he fifth batch of women entrepreneurs is under training in the basement of a bustling commercial building on MM Alam Road, Lahore. The place, called Women Resource Centre and Incubators (WRCI), mentors women startups with original ideas.
The venture is a partnership between the Industries Department, Women Chambers of Commerce and Industry (WCCI) and regional public and private higher educational institutions. The batch graduates in October.
While most startups we hear about these days are associated with technology, the WRCI has an open policy: it encourages both tech- and non-tech startups, says Sohaib Zafar, the project director.
Erum Ansari is one such alumnus of the WRCI. An art teacher, she says she was introduced to the WRCI by chance: “Amid pandemic, I came across a few women artisans who were facing financial crisis because of lockdown and low business activity,” Ansari tells TNS. “To support them, I started working on art boxes and kits at a small scale. Later, I joined the WRCI where I learnt digital marketing techniques, business planning and financing that gave a boost to my business. Today, I am the chief executive officer of my venture, called Erum Artbox.”
Natasha Oliver Daas is another entrepreneur pursing a unique startup. “We cook homemade desi food and present it in the yummiest possible way,” she says.
“See, the kids want to have fast food, while their parents want them to have home-cooked food. We offer the best solution that satisfies both the parties.”
The goal behind establishing a women-only incubation centre, as explained by Zafar, is to assist the women it mentors in navigating bureaucratic hurdles. The centre does not provide funds, but it provides connections with the right people, both nationally and internationally.
The trainees “learn how to create business models, sell products, develop businesses, establish brands and improve both themselves and their businesses,” he says, adding that the centre does not prefer one trainee over the other on the basis of their educational qualifications and/ or computer skills. “We value business ideas more than prior business expertise,” he declares. “Besides, we have rigorous admission requirements to test business concepts.”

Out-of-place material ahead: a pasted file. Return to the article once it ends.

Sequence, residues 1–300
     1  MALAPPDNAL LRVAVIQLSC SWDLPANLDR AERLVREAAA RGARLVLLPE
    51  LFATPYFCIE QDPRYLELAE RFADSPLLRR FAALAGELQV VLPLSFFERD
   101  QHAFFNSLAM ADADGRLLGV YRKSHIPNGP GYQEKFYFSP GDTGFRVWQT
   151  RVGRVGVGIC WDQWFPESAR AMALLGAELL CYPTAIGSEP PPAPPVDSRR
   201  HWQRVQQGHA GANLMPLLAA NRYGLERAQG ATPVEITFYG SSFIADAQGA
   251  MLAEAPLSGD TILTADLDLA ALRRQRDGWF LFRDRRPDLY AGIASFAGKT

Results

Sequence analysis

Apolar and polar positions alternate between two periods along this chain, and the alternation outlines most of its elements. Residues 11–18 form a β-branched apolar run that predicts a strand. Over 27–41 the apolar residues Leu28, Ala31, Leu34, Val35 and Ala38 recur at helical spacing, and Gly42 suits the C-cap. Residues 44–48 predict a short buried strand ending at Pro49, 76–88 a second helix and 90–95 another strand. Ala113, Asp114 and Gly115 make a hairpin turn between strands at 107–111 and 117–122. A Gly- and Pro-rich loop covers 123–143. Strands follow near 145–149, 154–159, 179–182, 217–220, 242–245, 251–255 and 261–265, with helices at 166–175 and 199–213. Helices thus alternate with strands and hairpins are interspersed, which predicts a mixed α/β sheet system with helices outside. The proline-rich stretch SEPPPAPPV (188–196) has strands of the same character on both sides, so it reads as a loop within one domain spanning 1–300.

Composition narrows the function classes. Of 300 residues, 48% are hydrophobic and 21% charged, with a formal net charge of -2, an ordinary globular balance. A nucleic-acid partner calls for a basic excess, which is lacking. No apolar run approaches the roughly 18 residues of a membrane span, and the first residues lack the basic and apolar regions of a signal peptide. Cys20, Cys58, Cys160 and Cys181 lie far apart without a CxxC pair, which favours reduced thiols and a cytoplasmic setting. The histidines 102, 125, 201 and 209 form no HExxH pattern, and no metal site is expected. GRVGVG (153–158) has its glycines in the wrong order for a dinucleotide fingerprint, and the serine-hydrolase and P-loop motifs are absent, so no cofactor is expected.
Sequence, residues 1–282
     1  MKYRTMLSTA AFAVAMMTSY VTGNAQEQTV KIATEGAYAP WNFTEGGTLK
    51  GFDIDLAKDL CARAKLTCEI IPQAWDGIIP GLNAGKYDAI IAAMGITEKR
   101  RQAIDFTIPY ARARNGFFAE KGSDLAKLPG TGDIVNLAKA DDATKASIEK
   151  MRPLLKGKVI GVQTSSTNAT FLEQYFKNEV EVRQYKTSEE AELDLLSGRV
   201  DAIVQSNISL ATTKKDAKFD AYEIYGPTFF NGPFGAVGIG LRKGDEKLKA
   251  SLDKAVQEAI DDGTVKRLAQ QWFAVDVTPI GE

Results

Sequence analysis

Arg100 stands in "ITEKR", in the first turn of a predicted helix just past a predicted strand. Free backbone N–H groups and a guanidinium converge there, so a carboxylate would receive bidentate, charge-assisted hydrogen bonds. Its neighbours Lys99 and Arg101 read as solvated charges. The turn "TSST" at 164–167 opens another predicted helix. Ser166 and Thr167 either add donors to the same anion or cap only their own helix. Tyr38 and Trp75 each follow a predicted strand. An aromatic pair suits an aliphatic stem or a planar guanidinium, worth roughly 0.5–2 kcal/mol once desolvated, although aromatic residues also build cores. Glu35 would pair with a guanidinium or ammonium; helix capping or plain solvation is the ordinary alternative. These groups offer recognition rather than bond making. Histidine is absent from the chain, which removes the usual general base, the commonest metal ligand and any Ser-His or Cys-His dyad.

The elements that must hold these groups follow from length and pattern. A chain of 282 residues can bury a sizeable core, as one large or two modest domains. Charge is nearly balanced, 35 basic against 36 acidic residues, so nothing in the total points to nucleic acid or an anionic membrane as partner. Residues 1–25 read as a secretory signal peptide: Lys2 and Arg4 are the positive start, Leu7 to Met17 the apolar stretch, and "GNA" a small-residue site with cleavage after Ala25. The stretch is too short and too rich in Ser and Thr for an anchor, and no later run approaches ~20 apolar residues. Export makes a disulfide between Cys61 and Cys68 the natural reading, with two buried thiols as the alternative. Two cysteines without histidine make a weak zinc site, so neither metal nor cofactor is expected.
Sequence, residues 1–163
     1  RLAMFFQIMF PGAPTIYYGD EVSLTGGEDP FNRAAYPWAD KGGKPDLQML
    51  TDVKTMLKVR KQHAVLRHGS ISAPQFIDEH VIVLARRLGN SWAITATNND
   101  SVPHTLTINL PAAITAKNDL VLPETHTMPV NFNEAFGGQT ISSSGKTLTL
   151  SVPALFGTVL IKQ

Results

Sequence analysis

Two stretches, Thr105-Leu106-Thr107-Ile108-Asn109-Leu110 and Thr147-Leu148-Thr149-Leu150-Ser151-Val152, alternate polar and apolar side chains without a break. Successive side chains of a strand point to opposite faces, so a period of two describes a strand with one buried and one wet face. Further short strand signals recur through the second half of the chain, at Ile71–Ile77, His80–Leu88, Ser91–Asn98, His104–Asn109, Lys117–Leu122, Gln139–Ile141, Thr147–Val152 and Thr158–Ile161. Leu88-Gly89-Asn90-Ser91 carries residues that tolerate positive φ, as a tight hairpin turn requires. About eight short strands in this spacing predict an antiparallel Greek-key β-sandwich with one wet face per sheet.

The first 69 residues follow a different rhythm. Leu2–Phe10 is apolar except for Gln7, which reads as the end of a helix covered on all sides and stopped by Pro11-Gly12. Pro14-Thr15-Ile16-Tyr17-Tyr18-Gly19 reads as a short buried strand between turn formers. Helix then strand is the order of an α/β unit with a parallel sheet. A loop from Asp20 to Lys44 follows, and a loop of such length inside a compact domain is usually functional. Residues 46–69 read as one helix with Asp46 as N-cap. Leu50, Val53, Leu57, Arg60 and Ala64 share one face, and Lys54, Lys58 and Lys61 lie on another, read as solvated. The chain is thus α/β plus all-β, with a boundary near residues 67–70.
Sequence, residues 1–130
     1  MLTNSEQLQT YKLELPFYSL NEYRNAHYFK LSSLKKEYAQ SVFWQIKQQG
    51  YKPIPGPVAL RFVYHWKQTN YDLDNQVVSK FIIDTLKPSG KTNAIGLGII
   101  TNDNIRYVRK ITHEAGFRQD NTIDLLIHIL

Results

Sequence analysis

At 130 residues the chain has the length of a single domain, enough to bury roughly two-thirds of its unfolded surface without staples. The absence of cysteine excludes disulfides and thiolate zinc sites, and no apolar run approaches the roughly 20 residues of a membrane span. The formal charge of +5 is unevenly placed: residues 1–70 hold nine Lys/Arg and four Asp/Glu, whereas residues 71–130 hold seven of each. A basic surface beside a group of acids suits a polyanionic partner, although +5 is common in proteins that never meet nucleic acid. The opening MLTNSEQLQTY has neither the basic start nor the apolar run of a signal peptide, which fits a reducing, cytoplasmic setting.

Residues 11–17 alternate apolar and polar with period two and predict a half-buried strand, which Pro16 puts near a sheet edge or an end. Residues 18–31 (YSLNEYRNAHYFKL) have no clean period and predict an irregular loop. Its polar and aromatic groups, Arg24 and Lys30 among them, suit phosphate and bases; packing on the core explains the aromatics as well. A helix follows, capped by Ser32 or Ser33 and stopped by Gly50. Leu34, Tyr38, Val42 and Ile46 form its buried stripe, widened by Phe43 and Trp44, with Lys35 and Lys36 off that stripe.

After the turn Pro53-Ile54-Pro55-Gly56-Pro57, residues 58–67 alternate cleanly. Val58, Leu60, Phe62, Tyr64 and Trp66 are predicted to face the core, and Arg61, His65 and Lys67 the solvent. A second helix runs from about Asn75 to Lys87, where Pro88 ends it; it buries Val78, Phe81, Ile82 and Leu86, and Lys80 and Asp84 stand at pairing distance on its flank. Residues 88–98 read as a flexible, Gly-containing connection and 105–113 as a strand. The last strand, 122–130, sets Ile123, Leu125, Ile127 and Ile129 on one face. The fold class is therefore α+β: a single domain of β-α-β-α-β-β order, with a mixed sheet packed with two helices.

The goal behind establishing a women-only incubation centre is to assist the women it mentors in navigating bureaucratic hurdles. The centre does not provide funds, but it provides connections with the right people, both nationally and internationally.
A committee consisting of representatives from the WCCI and the WRCI, an instructor, and a few additional members, looks after the admissions.
Since it was established last year, the WRCI has provided guidance and support to numerous startups. One of its many accomplished alumni Fauzia Badar says her journey into the world of culinary entrepreneurship wasn’t planned. But she had a passion for food, which eventually led her to establish a cuisine company in Lahore about two and a half years ago.
She explains, “My entry into entrepreneurship was driven by challenging financial circumstances. During a period when job opportunities were scarce, my husband lost his job, pushing me to explore ideas for starting my own business.”
Badar’s research revealed that Pakistani spices faced challenges in international markets because they didn’t meet the international lab test standards. This was primarily because of inefficient drying methods and hot and humid storage conditions that encourage fungal growth and the production of aflatoxins in food products. She was motivated to address this issue by supplying people with dehydrated spices.
Acknowledging the role of the WRCI in refining her business skills and connecting her with the right individuals, she says she has since built a strong network of food providers, enthusiasts, growers and consumers.
Dr Shehla Javed Akram, the founding president of the WCCI, closely monitors the establishment, growth and challenges of the WRCI. She expresses her pride in the WRCI and its role in empowering businesswomen, which was inspired by incubator programmes in public universities. Initially, her attempts to admit working women to the LUMS incubator were unsuccessful. It took three years to transform her vision into reality when she presented the WRCI plan before the Punjab government.
She says, “Selecting the right instructors, developing an effective curriculum and identifying suitable candidates for the inaugural batch were formidable tasks. Fortunately, the WRCI graduates have achieved an impressive success rate of 64 percent.”
The writer is a media veteran interested inpolitics, consumer rights and entrepreneurship